OMB’s Lew: Budget will plot deficit control
President Obama’s upcoming budget will lay out a credible plan to lower the U.S. deficit, but the funding gap will grow initially owing to the extension of tax cuts, Mr. Obama’s budget chief said Wednesday.
“The budget will show a very serious path of deficit reduction,” White House Office of Management and Budget Director Jack Lew told Reuters in an interview.
Mr. Obama is under pressure from Republicans to make deep cuts in government spending. Republicans have greater strength in the Senate and control of the House after winning big in November elections after a campaign built largely around fiscal austerity.
The president has received bipartisan recommendations for a bold overhaul of the U.S. tax code and government spending from a commission he appointed, and Lew said that items from that report will be reflected in the budget proposal.
But the president also wants investment to lift U.S. growth and steps that shield a fragile economic recovery. These include a tax package agreed with Republicans in December that will initially make the deficit numbers look worse.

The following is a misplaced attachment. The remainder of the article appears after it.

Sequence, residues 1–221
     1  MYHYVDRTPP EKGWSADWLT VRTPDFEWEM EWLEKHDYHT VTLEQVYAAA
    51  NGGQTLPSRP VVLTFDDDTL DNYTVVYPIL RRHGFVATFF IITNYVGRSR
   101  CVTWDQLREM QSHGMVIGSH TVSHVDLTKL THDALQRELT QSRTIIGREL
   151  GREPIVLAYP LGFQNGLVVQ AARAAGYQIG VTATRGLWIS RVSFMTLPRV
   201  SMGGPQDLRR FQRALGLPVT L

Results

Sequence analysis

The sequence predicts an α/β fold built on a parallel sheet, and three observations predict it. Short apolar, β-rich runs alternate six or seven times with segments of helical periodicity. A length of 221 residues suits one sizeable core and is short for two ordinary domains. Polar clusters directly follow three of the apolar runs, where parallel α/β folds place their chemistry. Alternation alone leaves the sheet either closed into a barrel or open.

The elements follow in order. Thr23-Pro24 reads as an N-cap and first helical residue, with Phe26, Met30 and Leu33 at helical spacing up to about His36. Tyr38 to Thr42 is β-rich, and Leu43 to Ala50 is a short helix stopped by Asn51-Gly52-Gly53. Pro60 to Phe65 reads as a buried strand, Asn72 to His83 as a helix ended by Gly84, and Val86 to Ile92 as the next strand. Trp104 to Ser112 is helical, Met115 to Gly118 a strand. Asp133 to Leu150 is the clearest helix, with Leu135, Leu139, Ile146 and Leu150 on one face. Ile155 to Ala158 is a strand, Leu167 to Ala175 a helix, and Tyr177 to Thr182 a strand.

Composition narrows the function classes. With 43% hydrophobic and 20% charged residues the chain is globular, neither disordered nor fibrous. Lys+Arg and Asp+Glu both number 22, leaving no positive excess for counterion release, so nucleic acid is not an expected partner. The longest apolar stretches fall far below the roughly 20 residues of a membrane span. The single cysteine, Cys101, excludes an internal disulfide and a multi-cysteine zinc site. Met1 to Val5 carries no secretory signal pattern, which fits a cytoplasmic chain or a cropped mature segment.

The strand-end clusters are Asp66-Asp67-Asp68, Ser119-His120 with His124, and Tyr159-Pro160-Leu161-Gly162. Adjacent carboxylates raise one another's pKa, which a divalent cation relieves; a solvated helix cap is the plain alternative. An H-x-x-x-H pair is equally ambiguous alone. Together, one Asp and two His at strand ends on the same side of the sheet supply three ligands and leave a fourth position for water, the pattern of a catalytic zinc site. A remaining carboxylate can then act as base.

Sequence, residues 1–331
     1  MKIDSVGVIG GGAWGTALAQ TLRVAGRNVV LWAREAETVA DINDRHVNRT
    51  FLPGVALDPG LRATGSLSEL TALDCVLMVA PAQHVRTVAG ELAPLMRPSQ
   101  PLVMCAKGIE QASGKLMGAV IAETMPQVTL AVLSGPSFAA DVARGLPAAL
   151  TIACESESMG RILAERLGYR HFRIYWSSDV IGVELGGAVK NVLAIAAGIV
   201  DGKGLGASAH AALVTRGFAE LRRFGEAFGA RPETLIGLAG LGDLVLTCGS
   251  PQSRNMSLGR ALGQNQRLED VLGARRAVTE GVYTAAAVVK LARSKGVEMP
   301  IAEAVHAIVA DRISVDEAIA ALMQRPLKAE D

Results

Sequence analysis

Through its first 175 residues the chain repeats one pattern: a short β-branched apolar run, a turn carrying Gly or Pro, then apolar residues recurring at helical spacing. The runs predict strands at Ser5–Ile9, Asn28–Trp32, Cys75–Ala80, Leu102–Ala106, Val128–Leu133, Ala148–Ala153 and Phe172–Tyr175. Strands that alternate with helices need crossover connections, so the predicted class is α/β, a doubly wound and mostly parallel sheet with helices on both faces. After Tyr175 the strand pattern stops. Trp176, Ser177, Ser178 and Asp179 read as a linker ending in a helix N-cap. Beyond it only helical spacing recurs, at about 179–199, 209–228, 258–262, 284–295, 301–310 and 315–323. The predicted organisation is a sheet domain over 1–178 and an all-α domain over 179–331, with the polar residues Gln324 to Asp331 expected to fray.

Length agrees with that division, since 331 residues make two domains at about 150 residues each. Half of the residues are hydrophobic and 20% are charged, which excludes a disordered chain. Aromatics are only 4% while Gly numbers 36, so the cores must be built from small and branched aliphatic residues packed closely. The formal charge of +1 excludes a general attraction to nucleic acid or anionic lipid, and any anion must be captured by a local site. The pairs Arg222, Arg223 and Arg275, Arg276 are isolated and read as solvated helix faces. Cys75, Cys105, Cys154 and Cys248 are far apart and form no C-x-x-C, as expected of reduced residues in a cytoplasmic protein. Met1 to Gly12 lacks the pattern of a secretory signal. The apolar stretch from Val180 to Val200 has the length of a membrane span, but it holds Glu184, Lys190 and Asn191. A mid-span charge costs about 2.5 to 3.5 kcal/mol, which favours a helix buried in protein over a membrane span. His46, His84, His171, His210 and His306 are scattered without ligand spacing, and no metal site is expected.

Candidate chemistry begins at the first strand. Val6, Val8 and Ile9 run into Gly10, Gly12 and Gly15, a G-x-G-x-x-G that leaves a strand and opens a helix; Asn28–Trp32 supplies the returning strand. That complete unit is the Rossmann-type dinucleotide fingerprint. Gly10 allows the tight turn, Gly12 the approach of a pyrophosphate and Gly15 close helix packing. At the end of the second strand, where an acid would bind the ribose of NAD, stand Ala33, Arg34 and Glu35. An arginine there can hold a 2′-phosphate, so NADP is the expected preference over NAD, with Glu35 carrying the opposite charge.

Democrats object to Issa probe’s scope
Some Democrats in Congress objected Wednesday to early steps taken by the new Republican chairman of the House Oversight and Government Reform Committee to conduct a broad inquiry into President Obama’s promises to improve government transparency.
Reps. Elijah E. Cummings of Maryland, Gerald E. Connolly of Virginia and Peter Welch of Vermont complained in a letter to Rep. Darrell Issa, California Republican, that his investigation will burden federal agencies responsible for producing government records under the U.S. Freedom of Information Act requested by citizens, journalists, companies and others. Mr. Cummings is the senior Democrat on the House oversight committee.
Mr. Issa last week demanded details of every such request during the last five years, plus copies of all letters or e-mails between government workers and people with pending requests. He said the effort would make sure that “all federal agencies respond in a timely, substantive and nondiscriminatory manner” to requests for records under the information law. The five-year window would cover part of the Bush administration and the first two years of Mr. Obama’s presidency.
In their letter to Mr. Issa on Wednesday, the Democrats said the investigation would require government offices to turn over perhaps hundreds of thousands of documents.
“Without a defined focus, your inquiry will place a significant burden on FOIA offices and divert limited staff from processing requests from the public,” they wrote.